Since it is hard to edit a line locally without being able to see it, local line editing is mostly used in conjunction with local echo (section 4.3.8). This makes it ideal for use in raw mode or when connecting to MUDs or talkers. (Although some more advanced MUDs do occasionally turn local line editing on and turn local echo off, in order to accept a password from the user.)
Some types of session need local line editing, and many do not. In its default mode, PuTTY will automatically attempt to deduce whether or not local line editing is appropriate for the session you are working in. If you find it has made the wrong decision, you can use this configuration option to override its choice: you can force local line editing to be turned on, or force it to be turned off, instead of relying on the automatic detection.
4.3.10 Remote-controlled printing
A lot of VT100-compatible terminals support printing under control of the remote server. PuTTY supports this feature as well, but it is turned off by default.
To enable remote-controlled printing, choose a printer from the ‘Printer to send ANSI printer output to’ drop-down list box. This should allow you to select from all the printers you have installed drivers for on your computer. Alternatively, you can type the network name of a networked printer (for example, ) even if you haven't already installed a driver for it on your own machine.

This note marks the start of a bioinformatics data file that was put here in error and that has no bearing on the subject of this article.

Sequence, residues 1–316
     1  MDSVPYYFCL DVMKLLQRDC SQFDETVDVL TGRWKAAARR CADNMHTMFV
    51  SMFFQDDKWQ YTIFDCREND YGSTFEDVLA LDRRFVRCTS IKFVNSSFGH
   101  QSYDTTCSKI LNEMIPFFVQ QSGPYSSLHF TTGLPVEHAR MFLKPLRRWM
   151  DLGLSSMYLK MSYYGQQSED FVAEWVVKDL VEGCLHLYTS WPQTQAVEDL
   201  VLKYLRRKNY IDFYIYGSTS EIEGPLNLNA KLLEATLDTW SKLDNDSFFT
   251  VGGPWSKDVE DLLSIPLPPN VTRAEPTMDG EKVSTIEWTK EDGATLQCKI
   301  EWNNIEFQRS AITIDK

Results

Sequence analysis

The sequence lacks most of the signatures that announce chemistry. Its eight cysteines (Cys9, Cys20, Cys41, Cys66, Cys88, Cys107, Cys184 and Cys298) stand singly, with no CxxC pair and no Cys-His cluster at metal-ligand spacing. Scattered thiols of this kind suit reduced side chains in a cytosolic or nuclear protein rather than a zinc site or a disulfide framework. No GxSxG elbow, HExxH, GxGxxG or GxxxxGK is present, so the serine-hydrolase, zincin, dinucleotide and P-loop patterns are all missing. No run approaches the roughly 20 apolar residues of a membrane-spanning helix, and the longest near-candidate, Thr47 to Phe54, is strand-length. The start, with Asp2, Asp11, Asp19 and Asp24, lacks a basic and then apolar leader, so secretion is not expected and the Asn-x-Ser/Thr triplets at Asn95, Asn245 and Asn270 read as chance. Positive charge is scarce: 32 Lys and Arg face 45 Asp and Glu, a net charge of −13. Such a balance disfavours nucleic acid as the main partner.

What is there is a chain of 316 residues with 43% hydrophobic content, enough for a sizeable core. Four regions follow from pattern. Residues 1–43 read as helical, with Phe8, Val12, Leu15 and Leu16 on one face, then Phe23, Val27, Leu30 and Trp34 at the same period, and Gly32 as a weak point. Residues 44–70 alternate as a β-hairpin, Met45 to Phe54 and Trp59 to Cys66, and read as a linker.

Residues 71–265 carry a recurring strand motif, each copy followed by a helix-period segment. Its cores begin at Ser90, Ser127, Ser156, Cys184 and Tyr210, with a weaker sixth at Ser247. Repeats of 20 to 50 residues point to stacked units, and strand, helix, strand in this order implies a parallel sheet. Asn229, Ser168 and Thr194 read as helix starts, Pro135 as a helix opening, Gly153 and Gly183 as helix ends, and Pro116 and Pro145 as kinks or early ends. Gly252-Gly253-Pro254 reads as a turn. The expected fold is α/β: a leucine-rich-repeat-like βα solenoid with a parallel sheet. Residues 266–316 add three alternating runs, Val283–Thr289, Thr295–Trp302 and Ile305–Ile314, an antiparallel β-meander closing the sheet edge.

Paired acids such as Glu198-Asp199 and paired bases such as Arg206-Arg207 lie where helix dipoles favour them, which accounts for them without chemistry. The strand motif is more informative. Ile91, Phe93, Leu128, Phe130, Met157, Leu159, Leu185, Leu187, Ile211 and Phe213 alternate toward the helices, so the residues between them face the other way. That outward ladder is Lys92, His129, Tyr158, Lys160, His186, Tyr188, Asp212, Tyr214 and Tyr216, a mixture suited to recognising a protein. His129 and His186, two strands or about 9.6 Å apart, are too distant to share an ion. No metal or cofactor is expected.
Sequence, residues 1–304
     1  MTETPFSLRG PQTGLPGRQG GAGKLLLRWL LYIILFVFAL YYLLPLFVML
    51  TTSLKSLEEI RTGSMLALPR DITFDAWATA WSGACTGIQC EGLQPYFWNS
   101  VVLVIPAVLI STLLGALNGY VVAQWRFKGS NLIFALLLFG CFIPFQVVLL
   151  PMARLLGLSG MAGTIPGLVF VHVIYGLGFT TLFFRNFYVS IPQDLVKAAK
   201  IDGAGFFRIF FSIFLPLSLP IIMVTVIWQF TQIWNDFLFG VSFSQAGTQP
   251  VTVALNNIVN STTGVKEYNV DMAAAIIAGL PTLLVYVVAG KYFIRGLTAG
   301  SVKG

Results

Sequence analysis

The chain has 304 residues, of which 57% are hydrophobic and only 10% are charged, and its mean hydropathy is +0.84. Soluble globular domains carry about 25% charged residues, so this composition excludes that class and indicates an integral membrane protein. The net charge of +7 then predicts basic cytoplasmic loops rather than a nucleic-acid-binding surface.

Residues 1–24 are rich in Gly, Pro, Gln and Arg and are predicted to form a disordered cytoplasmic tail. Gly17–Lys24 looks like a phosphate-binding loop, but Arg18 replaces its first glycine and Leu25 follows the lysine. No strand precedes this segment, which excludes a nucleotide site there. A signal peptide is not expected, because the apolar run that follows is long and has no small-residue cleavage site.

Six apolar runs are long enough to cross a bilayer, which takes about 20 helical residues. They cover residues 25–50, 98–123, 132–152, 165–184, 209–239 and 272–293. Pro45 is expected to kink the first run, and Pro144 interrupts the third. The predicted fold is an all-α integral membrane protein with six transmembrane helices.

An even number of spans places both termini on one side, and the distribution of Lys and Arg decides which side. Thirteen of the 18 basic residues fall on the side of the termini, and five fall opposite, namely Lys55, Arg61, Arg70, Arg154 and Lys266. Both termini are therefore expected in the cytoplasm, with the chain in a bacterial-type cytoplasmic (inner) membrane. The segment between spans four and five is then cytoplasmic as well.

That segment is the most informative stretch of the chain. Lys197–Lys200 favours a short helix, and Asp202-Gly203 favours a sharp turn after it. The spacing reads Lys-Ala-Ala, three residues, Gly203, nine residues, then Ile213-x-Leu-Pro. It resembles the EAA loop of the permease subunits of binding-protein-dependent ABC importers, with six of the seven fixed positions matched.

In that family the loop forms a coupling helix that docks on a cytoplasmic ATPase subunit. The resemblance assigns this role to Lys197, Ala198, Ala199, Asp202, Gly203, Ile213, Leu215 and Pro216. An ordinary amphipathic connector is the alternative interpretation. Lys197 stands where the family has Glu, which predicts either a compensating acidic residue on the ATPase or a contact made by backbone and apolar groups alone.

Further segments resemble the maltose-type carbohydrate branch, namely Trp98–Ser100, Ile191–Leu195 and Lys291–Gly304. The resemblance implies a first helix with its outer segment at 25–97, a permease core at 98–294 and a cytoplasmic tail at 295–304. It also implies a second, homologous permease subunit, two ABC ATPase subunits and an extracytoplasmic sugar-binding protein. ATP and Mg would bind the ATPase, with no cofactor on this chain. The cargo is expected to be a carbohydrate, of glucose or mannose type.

When the remote server attempts to print some data, PuTTY will send that data to the printer raw - without translating it, attempting to format it, or doing anything else to it. It is up to you to ensure your remote server knows what type of printer it is talking to.
Since PuTTY sends data to the printer raw, it cannot offer options such as portrait versus landscape, print quality, or paper tray selection. All these things would be done by your PC printer driver (which PuTTY bypasses); if you need them done, you will have to find a way to configure your remote server to do them.
To disable remote printing again, choose ‘None (printing disabled)’ from the printer selection list. This is the default state.
4.4 The Keyboard panel
The Keyboard configuration panel allows you to control the behaviour of the keyboard in PuTTY. The correct state for many of these settings depends on what the server to which PuTTY is connecting expects. With a Unix server, this is likely to depend on the or entry it uses, which in turn is likely to be controlled by the ‘Terminal-type string’ setting in the Connection panel; see section 4.14.3 for details. If none of the settings here seems to help, you may find question A.7.15 to be useful.